StartupBus rolling again

If there was a place I’d like to be now…. then it would probably be actually 11 different places. It’s that part of the year, that crazy and incredible people get on a some buses, travel across the US to the SXSW festival, while building companies. Altogether dozens of them. While riding freakin’ buses…. I know, I can still hardly get over my own experience last year, though I don’t want to get over it, I want to cultivate,┬ánurture and expand that feeling. Pretty much the whole last year was about that expansion, and it just continues to motivate me.

Fortunately I still keep in touch with some of the people from there, and when they are on the way right now as I write this, I cannot help but show my affiliations.

Wearing my StartupBus shirt for work today
Silicon Valley Bus 2011 represent

I’m really glad that I could contribute something as well. One of the core features of their site is the ability to see where everyone is right now. Cheer all the way as they fight through several states towards their destination, how they converge onto Austin, Texas in the end. For this to work, there has to be some way to track those buses. And as it is the tradition – and inevitable if you have a pile of the best hackers together – everything is pretty much custom built. The site, the virtual stock market game, the map – and the tracking app as well. This last thing is made by me, after a few evenings back last year while hanging out in San Francisco before getting on bus. I can’t believe that I even had time for sight-seeing while doing this…. Anyway, it worked like a charm on 6 buses, and I was quite satisfied. Pretty surprised, but also satisfied. It was great, especially because if something, then I didn’t want to let down this guy – one the craziest and most kick-ass person I had a chance to know.

Then again in the winter there was StartupBus Europe, which worked out fine, beautiful trace on the map from the Netherlands, through Scandinavia, then back to the continent all the way to Paris.

For this year’s event, I wanted to change it a bit around, make it more independent from me – and a bit less hackish. I gave up on improving the looks, but the functionality should be better.

Too bad that this time I wasn’t there in SF, working together with the team, inspiring and motivating each other. This made everything much slower for me, and much more “normal”, in the bad sense of the word. In the end I had a new version that worked, and was kinda okay, but wasn’t as well tested as I hoped to.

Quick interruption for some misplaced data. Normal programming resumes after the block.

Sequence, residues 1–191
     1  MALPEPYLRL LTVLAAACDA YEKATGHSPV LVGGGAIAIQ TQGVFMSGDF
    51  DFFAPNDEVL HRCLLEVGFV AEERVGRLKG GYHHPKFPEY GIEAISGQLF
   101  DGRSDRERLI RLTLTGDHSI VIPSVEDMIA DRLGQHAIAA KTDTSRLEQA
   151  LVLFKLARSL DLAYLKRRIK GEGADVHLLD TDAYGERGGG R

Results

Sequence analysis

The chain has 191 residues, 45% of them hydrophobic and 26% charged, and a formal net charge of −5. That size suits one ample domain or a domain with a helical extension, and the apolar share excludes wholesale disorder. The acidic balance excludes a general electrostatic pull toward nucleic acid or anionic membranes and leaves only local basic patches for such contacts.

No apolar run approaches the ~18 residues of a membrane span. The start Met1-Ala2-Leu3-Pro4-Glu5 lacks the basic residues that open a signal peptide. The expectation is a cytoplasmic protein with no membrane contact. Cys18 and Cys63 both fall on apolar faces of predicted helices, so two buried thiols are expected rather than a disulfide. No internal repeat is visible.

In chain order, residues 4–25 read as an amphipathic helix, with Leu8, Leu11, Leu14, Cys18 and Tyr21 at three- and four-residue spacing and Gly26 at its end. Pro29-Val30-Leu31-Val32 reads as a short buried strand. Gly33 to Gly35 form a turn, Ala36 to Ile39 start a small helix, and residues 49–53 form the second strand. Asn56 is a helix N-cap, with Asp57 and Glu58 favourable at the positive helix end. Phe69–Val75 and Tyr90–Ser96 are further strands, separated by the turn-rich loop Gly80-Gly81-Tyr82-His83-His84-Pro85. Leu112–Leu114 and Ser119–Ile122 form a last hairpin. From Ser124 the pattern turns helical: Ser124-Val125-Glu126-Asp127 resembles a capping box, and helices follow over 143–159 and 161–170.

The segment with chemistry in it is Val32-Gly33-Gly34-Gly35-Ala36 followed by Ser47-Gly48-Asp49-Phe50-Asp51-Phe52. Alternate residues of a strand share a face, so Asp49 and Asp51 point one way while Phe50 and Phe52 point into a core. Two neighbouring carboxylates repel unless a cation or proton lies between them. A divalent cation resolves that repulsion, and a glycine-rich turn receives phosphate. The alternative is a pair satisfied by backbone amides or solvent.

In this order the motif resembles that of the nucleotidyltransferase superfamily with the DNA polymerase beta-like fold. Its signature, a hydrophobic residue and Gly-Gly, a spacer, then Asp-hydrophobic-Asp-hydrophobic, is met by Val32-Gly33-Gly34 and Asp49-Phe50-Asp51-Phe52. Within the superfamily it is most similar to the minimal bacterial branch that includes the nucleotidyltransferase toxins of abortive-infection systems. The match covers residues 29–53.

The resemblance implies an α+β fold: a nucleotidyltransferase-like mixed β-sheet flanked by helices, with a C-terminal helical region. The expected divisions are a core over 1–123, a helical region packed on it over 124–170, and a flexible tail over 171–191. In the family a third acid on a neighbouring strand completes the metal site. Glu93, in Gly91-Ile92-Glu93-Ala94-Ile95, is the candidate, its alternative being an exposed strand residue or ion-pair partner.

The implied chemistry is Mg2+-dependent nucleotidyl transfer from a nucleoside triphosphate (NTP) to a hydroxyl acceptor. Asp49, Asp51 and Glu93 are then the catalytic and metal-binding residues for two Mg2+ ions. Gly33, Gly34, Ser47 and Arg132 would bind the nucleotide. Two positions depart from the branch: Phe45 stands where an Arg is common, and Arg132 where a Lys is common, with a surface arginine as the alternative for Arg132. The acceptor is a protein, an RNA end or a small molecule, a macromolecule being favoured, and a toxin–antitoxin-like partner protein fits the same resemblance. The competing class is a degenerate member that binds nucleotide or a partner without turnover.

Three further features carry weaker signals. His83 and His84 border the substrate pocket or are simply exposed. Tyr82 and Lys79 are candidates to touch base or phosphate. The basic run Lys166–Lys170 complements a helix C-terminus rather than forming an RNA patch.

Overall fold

BusDroid interface
I wish there was a Taipei bus – not sure how to cross the Pacific, though

Of course bits are rotting when they are not developed, and one year in Android world is more than I’ve expected. Too bad that many of the problems came to light when the buses were about to head off. Turns out that aiming for the oldest version of Android to cover all different versions is not necessarily the right thing to do. I don’t need anything fancy, but the APIs changed a bit, some things got depreciated, and looks like some phones can’t run my very simple app. After all this craziness dies down, will have to investigate and figure out what went wrong.

In the meantime, fortunately 10 out of 11 traces are on the map, there’s only Las Vegas missing last time I’ve checked, and not sure what happened to them. I don’t like unsolved mysteries, especially when it’s my job to get them solved.

Screenshot of live map with buses
Startup Bus buses 2012 on their way

Let’s see if I can get a seat next year again. And also see if that year in the meantime is long enough to figure out some better solution. Will likely need to do things very differently as I was, will likely have to rewrite the whole app onto new foundations, and make it work on iPhones or iPads (do those actually have GPS in them? I actually don’t have any iProducts…), and more reliably work in general. Feels a little sucky, that I’ve let some people down that things didn’t work better. That’s what startups’ life is a little bit as well.

Now let’s pivot, and back to doing awesome.

Published by Gergely Imreh

Physicist, hacker. Enjoys avant-guarde literature probably a bit too much. Open source advocate and contributor, both for software and hardware.

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